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Using Smart Growth to Achieve Sustainable Land Use Policies

December 2002

Citation: ELR 11385

Author: Patricia E. Salkin

Introduction

Any analysis of U.S. progress toward meeting the goals of Agenda 211 must include a hard look at the political will and actions toward reforming our system of land use controls. Land development policies and decisions are inextricably intertwined with a significant number of items contained in Agenda 21, creating a perhaps unusual scenario requiring cross-disciplinary and interjurisdictional approaches to effectively implement strategies that will both promote and yield sustainable land development. The following Agenda 21 goals relate directly to land use planning and decision-making: promoting sustainable human settlements (Chapter 7) that include adequate shelter, management of urban settlements, sustainable land use planning, and management of sustainable construction policies; policymaking for sustainable development (Chapter 8) that includes the full integration of, among other things, environmental and development issues for government decisionmaking addressing economic, social fiscal, energy, agricultural, and transportation issues; protecting the atmosphere (Chapter 9) by utilizing certain land use and resource practices; implementing an integrated approach to land resource use (Chapter 10) that requires environmental, social, and economic issues to be considered simultaneously for the sustainable use and management of land resources; combating deforestation (Chapter 11) by employing strategies that include the "greening" of the urban areas; halting the spread of deserts (Chapter 12) by, among other things, adopting sustainable land use policies and sustainable management of water resources; and meeting agricultural needs without destroying the land (Chapter 14) by harmonizing land resource planning.2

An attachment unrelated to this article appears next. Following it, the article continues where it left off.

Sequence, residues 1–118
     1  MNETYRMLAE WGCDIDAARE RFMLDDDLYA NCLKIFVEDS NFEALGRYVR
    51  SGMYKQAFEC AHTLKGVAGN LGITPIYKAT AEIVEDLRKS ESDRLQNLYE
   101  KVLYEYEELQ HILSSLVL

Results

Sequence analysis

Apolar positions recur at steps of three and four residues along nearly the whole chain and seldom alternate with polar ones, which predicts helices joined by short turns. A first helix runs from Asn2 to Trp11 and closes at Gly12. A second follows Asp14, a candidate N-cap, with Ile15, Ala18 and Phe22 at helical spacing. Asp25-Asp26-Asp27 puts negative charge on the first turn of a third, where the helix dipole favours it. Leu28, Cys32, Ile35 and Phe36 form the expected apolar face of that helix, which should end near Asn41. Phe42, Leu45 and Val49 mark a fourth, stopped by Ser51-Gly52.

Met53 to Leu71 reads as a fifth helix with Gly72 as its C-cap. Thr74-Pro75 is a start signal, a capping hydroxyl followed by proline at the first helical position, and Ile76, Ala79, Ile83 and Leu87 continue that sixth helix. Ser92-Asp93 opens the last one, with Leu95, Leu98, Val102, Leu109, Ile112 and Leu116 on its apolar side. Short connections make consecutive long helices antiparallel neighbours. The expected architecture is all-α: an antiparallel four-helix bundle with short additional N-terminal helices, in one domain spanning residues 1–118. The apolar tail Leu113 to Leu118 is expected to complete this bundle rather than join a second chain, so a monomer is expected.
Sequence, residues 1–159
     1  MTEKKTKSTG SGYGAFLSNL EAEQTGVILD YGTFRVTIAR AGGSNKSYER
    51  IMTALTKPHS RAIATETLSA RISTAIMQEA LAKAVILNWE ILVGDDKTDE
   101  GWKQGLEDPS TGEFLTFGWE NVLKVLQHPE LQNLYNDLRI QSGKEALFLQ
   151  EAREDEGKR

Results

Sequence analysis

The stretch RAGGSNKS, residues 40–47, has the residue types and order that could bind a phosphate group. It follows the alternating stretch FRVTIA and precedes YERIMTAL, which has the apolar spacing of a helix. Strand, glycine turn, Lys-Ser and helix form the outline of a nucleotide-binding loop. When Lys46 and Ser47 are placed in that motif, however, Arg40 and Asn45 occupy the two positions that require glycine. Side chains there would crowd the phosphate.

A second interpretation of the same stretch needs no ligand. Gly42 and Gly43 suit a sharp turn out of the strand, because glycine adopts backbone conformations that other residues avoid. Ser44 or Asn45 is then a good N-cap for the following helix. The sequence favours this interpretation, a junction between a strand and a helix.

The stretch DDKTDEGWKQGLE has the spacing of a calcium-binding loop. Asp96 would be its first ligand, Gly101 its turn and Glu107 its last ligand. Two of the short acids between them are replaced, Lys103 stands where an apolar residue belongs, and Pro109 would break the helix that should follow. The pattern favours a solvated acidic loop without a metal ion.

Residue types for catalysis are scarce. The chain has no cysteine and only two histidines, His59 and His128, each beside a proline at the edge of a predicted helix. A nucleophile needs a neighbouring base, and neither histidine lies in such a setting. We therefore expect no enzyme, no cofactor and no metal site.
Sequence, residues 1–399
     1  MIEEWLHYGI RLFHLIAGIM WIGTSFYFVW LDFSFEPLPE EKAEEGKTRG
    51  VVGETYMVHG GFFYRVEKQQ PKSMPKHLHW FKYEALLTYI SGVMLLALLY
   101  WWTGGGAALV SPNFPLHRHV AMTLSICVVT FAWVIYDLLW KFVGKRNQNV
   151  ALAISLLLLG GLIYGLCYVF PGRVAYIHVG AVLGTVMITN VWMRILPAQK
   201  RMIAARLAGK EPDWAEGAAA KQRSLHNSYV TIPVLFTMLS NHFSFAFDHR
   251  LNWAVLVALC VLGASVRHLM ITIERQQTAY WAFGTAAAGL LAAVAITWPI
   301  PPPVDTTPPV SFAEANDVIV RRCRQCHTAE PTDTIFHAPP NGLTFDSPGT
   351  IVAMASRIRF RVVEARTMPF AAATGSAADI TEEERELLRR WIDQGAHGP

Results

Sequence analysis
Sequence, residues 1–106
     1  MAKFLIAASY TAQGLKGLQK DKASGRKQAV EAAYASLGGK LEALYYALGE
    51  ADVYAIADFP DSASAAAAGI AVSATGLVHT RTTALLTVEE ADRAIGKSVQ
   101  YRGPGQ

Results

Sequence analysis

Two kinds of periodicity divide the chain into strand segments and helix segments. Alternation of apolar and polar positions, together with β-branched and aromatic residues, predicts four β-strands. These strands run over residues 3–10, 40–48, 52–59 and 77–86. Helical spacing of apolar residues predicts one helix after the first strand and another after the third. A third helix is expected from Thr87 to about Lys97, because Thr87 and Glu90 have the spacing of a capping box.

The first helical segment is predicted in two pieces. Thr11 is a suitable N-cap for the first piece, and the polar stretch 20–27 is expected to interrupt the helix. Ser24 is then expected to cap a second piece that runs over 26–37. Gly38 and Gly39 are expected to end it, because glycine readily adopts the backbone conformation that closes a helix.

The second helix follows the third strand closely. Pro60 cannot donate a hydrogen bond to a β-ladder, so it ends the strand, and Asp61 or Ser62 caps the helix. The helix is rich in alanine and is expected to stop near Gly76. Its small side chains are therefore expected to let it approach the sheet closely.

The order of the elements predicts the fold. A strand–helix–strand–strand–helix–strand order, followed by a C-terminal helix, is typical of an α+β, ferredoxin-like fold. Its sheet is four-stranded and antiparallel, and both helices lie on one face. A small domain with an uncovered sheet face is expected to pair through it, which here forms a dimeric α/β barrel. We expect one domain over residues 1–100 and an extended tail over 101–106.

[Editors' Note: In June 1992, at the United Nations Conference on Environment and Development (UNCED) in Rio de Janeiro, the nations of the world formally endorsed the concept of sustainable development and agreed to a plan of action for achieving it. One of those nations was the United States. In August 2002, at the World Summit on Sustainable Development, these nations gathered in Johannesburg to review progress in the 10-year period since UNCED and to identify steps that need to be taken next. Prof. John C. Dernbach has edited a book, Stumbling Toward Sustainability, that assesses progress made by the United States on sustainable development in the past 10 years and recommends next steps. The book, published by the Environmental Law Institute in July 2002, is comprised of chapters on various subjects by experts from around the country. This Article appears as a chapter in that book. Further information on Stumbling Toward Sustainability is available at www.eli.org or by calling 1-800-433-5120 or 202-939-3844.]

The author is Associate Dean and Director, Government Law Center; Professor of Government Law, Albany Law School. She is grateful to Albany Law School student Adam Bear, class of 2003, and Siena College Fellow Sally Seitz, class of 2002, for their research assistance.